"We recognize that aggressive military action, however, has been costly for Pakistani security forces and appreciate concerns over the potential for sparking tribal rebellion and a backlash by sympathetic Islamic political parties. There is widespread opposition among these parties to the US military presence in Afghanistan and Iraq. With elections expected later this year, the situation will become even more challenging--for President Musharraf and for the US."

Democracy in Pakistan, McConnell also said, "has not been fully restored since the Army took power in 1999." It has, he meant to say, not been restored. Upcoming elections are not expected to change Musharraf's status: He will continue to be President and commander-in-chief and head of the Army and hold all of the actual power.

So, here is the American contradiction: Al-Qaeda is the greatest threat to the United States, at least according to the U.S. intelligence community and conventional wisdom. The terrorist organization is headquartered and lodged in northwest Pakistan, where it has virtual impunity. It operates within a country that has nuclear weapons and is labeled "a major source of Islamic extremism."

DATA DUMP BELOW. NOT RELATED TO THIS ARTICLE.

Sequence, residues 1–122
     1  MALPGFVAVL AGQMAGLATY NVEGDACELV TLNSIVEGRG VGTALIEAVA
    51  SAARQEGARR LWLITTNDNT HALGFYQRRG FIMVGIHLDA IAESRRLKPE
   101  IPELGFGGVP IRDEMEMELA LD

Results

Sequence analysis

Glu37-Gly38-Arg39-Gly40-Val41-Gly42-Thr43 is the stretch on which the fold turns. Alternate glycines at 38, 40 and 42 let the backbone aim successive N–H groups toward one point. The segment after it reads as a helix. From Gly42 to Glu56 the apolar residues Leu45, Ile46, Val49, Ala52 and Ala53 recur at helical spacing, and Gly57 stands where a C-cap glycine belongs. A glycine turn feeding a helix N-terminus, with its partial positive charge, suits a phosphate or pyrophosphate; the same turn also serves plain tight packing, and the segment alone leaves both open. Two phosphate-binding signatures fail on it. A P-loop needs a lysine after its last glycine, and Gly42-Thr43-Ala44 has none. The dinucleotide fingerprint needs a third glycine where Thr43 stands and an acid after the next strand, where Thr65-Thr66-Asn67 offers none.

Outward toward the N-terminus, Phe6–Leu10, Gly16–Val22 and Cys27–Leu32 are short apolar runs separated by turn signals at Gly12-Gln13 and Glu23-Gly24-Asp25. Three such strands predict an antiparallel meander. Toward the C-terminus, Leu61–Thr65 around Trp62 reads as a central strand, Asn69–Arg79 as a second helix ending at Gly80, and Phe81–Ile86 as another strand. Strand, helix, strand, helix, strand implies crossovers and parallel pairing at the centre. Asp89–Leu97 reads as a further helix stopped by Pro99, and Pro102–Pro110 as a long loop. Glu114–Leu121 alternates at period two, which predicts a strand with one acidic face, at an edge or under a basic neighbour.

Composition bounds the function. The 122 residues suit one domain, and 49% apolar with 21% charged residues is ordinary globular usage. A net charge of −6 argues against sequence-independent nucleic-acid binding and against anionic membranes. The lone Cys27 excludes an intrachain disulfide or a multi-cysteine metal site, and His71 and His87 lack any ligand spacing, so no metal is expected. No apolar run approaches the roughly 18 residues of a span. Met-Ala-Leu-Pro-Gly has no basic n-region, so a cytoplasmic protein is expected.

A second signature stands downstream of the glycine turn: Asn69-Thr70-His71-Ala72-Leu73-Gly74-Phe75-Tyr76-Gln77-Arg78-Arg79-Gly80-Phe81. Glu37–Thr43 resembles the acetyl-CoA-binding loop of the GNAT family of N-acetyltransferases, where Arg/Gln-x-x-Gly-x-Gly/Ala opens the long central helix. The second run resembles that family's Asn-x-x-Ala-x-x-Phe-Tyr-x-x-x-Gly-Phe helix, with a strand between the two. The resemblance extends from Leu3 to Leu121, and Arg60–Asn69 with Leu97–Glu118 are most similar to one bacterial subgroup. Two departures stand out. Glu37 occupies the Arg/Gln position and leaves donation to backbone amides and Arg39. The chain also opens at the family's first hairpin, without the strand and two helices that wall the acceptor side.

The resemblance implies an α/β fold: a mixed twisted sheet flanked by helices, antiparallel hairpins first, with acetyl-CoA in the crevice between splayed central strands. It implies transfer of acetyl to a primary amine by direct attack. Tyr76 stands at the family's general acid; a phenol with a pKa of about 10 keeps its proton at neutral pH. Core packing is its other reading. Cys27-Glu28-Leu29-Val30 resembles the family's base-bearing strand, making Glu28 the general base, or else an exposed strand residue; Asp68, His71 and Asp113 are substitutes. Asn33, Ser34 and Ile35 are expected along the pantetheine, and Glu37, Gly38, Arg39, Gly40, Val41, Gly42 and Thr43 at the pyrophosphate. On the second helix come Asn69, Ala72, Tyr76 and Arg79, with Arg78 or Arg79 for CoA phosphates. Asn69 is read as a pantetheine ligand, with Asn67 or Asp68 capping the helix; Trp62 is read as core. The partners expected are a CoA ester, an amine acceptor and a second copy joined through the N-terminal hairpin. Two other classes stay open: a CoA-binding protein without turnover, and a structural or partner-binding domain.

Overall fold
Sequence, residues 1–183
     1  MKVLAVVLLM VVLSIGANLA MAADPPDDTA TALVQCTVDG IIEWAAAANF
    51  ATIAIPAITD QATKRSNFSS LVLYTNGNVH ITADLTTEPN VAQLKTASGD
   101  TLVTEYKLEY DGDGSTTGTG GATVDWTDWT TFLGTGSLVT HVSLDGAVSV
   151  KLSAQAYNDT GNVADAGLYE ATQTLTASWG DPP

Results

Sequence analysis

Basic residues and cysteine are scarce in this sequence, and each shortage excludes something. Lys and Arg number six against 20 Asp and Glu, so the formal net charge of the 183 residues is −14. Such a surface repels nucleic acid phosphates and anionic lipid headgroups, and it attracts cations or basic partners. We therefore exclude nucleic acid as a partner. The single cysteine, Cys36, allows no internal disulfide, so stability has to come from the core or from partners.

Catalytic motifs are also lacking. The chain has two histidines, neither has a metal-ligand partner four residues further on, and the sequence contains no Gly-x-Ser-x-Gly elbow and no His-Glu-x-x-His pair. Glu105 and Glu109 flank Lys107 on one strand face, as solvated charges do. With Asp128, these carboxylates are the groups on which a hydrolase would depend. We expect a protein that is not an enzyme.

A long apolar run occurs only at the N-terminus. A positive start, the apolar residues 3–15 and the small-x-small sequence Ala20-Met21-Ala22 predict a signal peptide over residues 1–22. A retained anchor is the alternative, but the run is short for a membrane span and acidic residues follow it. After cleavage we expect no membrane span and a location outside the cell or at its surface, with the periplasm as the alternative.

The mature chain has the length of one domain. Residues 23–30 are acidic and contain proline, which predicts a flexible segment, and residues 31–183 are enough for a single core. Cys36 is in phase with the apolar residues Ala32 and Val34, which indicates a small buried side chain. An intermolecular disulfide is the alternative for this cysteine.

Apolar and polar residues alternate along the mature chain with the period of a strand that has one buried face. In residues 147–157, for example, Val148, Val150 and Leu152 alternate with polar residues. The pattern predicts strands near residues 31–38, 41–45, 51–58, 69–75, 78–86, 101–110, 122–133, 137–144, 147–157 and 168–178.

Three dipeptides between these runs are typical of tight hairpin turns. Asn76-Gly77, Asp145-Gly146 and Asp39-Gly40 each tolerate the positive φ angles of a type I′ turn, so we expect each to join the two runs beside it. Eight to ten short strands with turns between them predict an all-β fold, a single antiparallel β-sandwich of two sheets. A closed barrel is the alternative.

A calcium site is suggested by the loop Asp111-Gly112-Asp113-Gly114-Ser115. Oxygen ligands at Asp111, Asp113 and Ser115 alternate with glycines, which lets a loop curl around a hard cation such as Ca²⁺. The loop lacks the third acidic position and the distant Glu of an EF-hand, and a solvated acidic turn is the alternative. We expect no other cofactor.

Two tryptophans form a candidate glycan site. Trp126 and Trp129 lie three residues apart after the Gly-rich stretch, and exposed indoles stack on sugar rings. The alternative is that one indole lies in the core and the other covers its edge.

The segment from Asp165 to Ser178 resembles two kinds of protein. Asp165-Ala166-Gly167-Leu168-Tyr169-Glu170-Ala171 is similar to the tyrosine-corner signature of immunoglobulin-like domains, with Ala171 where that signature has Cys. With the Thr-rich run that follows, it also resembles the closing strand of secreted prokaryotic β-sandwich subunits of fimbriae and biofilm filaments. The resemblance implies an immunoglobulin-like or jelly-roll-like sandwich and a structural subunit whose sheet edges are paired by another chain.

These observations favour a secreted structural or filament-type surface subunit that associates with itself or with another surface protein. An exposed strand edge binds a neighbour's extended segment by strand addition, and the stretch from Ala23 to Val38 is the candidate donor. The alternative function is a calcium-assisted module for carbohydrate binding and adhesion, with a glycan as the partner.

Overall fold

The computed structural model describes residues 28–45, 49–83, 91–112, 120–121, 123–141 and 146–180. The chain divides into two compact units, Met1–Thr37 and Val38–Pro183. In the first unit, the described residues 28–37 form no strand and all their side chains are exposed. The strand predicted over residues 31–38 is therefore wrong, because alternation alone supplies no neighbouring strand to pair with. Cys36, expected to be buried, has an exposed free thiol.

And yet the United States excuses and explains away a military dictatorship for eschewing a "costly" battle that might weaken it? Isn't the very core argument of the Bush administration in Iraq that we need to accept the cost and sacrifice -- no matter what -- in the name of our future security? But Pakistan doesn't? No wonder the Bush administration's worldview is so questionable.